At some time between April 16 and May 17, Baidu relaxed its censorship of searches for "Bo Xilai." Prior to April 16, Bo Xilai's name had been on Baidu's strict white list. But some time after that Baidu moved his name to its broader white list, which is comprised of the strict white list websites, as well as large China-based news websites and portals.

Baidu did not, however, relax its censorship of searches for "Gu Kailai." These screenshots were taken at the same time on May 18, and show search results for "Bo Xilai" (薄熙来) and "Gu Kailai" (谷开来). Both display a censorship notice, but whereas searches for "Bo Xilai" return results from websites such as QQ, Sina, and Sohu, searches for "Gu Kailai" only return results from about a dozen websites, all of which (with the exception of Baidu's own Baike) are controlled by the central government and Communist Party, such as Xinhua.

As a result of being placed on this stricter whitelist, a search for "Gu Kailai Devillers" (谷开来 多维尔) returns no results, just a notice saying "Search results may not comply with relevant laws, regulations, and policies, and have not been displayed." (搜索结果可能不符合相关法律法规和政策,未予显示。)

June 17: Cambodia detains French architect Patrick Devillers.

June 22: Cambodia’s Foreign Ministry said the country had no plans to extradite Patrick Devillers to China.

The screenshots, taken on June 22, show that, while a search for "Devillers" (多维尔) on Baidu returns (apparently) uncensored search results, searching for "Devillers extradition" (多维尔 引渡) results in a notice saying "In accordance with relevant laws, regulations, and policies, some search results have not been displayed" (根据相关法律法规和政策,部分搜索结果未予显示), and the results that Baidu has provided are restricted to about a dozen websites controlled by the central government and the Communist Party.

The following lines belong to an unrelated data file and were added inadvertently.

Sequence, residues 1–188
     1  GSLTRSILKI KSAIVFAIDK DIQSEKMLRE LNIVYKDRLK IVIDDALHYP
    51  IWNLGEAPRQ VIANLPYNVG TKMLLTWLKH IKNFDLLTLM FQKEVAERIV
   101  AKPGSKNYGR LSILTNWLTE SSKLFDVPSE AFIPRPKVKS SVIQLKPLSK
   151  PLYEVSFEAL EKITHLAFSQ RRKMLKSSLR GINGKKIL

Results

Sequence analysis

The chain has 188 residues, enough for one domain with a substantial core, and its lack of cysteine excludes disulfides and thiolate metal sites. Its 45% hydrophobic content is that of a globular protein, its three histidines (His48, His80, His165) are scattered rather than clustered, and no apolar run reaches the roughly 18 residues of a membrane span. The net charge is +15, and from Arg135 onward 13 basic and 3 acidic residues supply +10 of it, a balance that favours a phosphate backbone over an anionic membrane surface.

These screenshots, taken on July 7, 2012, show that for searches for Bo Xilai, Bo Guagua, and Gu Kailai, Baidu claims to have found 765k, 12k, and 8.4k results, respectively. In each case, however, Baidu only returns only one result - its own Baidu Baike article.
These screenshots were taken on July 15, and show that by now Baidu has reverted to its prior censorship of Bo Xilai, Gu Kailai, and Bo Guagua, with the former being on the broad white list and the latter two on the strict white list.

July 17: Patrick Devillers flies to Beijing.

July 26: Gu Kailai and Zhang Xiaojun are charged with Heywood's murder by the People's Procuratorate in Hefei, Anhui province.

August 7: Bo Guagua sends an email to CNN saying: "As I was cited as a motivating factor for the crimes accused of my mother, I have already submitted my witness statement."

August 9: Gu Kailai and Zhang Xiaojun are tried in Heifei. Examples of Baidu's and Sina Weibo's censorship at that time can be found here.
Screenshot from August 9 shows Sina Weibo censoring "Hefei Court"
Screenshot from August 13 shows Sina Weibo censoring "Body Stand In"
August 20: At around 1:30 pm Xinhua reports that the Hefei court has issued its verdict. Shortly afterwards, Sina Weibo stops censoring "Gu Kailai."